They win a far lower percentage of deals through Stage 2 (20%) than Rep #1 (who wins 55%).

That's likely because Rep A has figured out how to go deep on quantifying pain that relates to an exec-level priority.

2/ Break down “closing” into a series of smaller skillsets.

Related to this last point, a lot of us have a bad habit of referring to reps as “closers.” As if it’s a skill some have, others don’t.

Closing isn’t a skill. It’s an outcome. The byproduct of a long list of skills working together.

The rep who...

  1. Finds and frames a high-cost, high-priority problem.
  2. Develops committed, high-influence deal champions.
  3. Builds consensus across a team on the right approach.
  4. Gains executive-level attention by painting a bold vision.
  5. Crafts a case for investment & change with a compelling narrative.
  6. Maintains genuine urgency and follow-through with a mutual plan.
  7. Gracefully navigates blockers that come up along the way.

...is a "closer."

Yet too many drive-by managers will tell a rep who’s behind on quota, “Just focus on closing!”

Here's my analogy for that.

That's like standing in a kitchen, feeling hungry, and someone walks by eating a warm, crumbly, delicious scone and they say, “Just make a scone!” and you think, “I’d love to… how?

Well, there's a specific set of ingredients that all add up into the finished product. And just like you can’t try baking a scone’s ingredients first, then mixing them after, there's a sequence. Plus, if you try to turn up the heat to bake (close) faster, you’ll just burn your scones (buyers).

(What’s with the strange scone analogy you ask? Well, dear reader, I’m drafting this blog post with my thumbs on an iPhone, on an 11 hour flight home from Copenhagen with a dead laptop, after eating an incredible scone in the airport. And I’m hungry, wishing I bought a second.)

3/ Shape your message when decisions are being made.

Out of all the skills above, there are two that rise above and influence close rates the most:

  1. Building and testing committed champions.
  2. Building a compelling narrative.

The reason is that every “micro” decision that’s made throughout the buying process will happen during internal meetings — not sales meetings. Without sales reps in the room.

During the conversations that happen about you, without you.

Which makes controlling your message, especially when you’re not directly sitting at the proverbial decision table, key. And entirely possible when you focus on winning in writing.

Like we covered in The Build Loop, you'll do this by creating champions, by creating a written business case:

4/ Measure and manage your personal tipping point.

The tipping point is when new gains in pipeline coverage require too much of your TEA to manage, so you experience too large of a drop in close rates and average contract values.

This is entirely personal to you, because it’s based on factors like your level:

  • Deal complexity
  • Skill & experience
  • Style & energy

The tipping points for someone in mid-market vs. enterprise will be different. As are the tipping points for a first year seller, and someone who’s sold for a decade.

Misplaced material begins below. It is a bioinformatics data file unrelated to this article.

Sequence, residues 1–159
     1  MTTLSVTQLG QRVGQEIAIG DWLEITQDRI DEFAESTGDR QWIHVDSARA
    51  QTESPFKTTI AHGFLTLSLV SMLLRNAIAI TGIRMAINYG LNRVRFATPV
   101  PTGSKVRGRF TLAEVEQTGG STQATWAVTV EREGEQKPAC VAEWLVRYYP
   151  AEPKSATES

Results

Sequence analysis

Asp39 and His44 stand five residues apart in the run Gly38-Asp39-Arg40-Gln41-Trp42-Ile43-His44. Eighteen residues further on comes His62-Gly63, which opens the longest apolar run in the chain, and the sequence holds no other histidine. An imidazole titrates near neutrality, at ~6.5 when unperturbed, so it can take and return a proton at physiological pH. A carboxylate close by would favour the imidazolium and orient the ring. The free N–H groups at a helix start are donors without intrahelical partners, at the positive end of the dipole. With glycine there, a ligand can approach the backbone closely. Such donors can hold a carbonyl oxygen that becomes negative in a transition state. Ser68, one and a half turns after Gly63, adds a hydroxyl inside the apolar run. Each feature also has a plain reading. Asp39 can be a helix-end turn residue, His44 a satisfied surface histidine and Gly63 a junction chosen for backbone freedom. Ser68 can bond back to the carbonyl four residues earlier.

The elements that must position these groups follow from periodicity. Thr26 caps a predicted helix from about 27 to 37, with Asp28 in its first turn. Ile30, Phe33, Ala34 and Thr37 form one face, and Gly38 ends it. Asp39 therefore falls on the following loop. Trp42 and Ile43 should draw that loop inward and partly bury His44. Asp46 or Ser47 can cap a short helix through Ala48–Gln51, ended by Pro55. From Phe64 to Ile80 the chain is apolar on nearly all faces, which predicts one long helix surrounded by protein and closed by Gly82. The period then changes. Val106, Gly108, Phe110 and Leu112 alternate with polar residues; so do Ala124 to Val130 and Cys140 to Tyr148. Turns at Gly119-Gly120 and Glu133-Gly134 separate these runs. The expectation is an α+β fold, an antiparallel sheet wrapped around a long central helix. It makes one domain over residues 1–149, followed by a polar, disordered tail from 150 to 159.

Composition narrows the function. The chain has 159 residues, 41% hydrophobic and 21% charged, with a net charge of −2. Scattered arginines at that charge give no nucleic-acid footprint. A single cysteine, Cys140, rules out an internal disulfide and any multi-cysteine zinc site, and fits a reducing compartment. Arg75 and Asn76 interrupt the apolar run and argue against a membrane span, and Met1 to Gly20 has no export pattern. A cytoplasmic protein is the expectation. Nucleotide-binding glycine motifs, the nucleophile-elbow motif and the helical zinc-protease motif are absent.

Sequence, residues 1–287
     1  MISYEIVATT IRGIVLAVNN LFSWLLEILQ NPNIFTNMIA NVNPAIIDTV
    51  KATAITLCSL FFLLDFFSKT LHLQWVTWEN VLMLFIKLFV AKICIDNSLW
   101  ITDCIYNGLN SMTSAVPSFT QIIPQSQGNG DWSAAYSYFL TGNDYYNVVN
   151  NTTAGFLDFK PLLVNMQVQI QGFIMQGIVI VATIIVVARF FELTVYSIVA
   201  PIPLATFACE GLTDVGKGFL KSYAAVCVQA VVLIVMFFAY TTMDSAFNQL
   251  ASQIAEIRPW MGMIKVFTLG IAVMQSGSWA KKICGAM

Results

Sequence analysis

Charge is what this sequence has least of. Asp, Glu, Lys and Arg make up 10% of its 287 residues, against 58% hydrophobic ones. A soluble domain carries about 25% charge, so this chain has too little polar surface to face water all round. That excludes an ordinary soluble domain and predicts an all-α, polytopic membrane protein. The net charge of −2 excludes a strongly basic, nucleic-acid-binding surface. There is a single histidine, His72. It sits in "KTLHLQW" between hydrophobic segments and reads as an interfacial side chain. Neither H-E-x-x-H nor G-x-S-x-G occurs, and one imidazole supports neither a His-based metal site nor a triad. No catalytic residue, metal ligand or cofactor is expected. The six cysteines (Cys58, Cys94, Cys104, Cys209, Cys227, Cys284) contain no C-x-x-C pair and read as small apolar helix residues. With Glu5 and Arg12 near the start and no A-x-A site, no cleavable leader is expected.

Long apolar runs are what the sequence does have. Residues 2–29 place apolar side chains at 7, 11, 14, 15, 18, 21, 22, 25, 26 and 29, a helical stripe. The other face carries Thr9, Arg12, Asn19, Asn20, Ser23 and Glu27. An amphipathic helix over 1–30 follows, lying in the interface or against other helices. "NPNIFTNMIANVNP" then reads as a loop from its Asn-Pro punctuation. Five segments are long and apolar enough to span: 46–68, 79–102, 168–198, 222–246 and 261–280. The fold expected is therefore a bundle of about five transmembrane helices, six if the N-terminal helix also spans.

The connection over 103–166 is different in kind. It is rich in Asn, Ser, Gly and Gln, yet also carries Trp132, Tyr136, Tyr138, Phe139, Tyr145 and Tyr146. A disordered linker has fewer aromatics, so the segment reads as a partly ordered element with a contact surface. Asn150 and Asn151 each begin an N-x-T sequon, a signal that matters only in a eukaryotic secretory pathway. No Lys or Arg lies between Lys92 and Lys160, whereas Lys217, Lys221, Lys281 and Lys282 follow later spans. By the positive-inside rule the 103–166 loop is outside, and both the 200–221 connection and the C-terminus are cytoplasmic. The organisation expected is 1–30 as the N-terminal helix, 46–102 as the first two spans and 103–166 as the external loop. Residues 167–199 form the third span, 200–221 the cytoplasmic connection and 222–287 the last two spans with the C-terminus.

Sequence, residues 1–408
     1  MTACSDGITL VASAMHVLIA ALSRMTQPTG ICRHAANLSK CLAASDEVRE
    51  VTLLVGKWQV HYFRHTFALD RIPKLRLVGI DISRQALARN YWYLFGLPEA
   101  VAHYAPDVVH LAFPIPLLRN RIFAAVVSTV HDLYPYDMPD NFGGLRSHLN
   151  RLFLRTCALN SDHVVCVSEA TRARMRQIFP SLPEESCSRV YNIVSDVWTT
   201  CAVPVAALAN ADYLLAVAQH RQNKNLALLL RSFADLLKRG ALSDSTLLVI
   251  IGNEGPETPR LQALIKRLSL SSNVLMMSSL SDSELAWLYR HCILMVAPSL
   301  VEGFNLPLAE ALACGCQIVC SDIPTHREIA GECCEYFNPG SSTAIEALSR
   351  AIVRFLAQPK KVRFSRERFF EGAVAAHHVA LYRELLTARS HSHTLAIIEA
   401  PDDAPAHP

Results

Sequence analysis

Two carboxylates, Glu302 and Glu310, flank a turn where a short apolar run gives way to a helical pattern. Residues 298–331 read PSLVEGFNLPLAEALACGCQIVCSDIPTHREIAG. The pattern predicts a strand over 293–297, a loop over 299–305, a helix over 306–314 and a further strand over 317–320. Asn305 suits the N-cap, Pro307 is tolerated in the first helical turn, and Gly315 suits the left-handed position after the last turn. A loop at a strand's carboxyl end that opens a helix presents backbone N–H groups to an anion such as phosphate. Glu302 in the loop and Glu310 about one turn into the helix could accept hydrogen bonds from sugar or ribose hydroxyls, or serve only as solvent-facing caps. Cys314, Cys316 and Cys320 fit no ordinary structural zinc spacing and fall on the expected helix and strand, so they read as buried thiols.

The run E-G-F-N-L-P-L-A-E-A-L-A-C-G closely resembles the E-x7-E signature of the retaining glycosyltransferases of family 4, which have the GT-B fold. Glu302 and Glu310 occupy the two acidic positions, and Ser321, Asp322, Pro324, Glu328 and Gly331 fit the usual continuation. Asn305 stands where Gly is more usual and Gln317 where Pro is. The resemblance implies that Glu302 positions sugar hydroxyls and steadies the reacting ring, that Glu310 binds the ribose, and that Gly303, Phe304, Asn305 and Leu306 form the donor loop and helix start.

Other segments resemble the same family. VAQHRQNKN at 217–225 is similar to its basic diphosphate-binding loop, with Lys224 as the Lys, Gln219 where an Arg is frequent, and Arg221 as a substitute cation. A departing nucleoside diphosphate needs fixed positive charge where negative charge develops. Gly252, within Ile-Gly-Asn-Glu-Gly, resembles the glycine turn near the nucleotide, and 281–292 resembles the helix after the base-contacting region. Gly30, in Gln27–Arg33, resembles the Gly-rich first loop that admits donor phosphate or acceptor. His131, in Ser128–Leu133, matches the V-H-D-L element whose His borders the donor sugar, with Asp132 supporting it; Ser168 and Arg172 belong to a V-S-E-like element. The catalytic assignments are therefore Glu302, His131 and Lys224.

Now, here’s why this is a powerful idea.

I was recently catching up with a friend, Justin Hastings, who’s a Strategic AE. He was telling me how he had his pick of 30 enterprises to fill out his target account list at the start of last year.

Then, he did something most reps would call crazy:

I took the top 7 accounts I felt were a good match after some deep research, and I gave away all the others to other reps. Sure, I could have kept all 30, but I knew I didn’t have the bandwidth to run a quality process like I wanted to across more than 7.

In fact, I went so deep on 3 accounts, with over 100 meetings in a year inside one company, that I blew my annual number out of the water after just closing that one deal alone.

Get this. That massive deal he referenced? That took 4-5 meetings a week, every week, during a 4-month POC phase. Which just wouldn't have been possible while trying to work 30+ accounts.

My comment to him after? "You might as well be on their payroll as an internal consultant at that point. You probably knew more about their business than most employees."

So, why did Justin make the call to “give away” other accounts? He knows his tipping point.

He knew he could increase his ACV and close rate to a point that outweighed the gains of a few (or many) more accounts in his target list.

So how do you measure and manage to your tipping point?

  1. Add up how much time you invest per deal, in each stage.

    We'd track this in a good old timesheet, similar to how consultants track time spent on different projects. But you can use tools like Timeular to make this an easier process.
  2. Once you get a baseline, start to drive toward zero time selling, as Andy Paul says.

    Andy's point is that as you start to sharpen your sales skills and process, you'll drive down the time you need to manage an opportunity. Which also means you'll start to operate below your tipping point — and then, you can increase the total number of opportunities.

    Adding opportunities in that moment is how you'll drive more revenue.

5/ Reset your definition of productivity.

The conversation around sales productivity is often framed in a way that's not very helpful.

The question most people ask is:

How do we help reps save time to increase their revenue-generating activity?

When the question they should be asking is:

What’s the fastest path to revenue?

Here's the difference:

  • The first question = addition and subtraction. Less time per task, and more tasks completed.
  • The second question = multiplication. It’s doubling-down on the highest-impact activity.

Activity is always a fallback for sellers who try to win by force — not finesse — when they’re falling short. Which is often counterproductive if you’re in an enterprise or strategic role.

For example, pressing send on a template follow-up email, while “link-stacking” (adding a stack of hyperlinks to enablement decks and case studies) is fast. You can ship out a lot of those.

But if buyers don’t read or use them to guide internal buying conversations, what’s the point?

Better to spend more time crafting a business case. Something that buyers will use to guide dozens of internal conversations.

(Which, by the way, Fluint can help you with — grab an early access onboarding slot here.)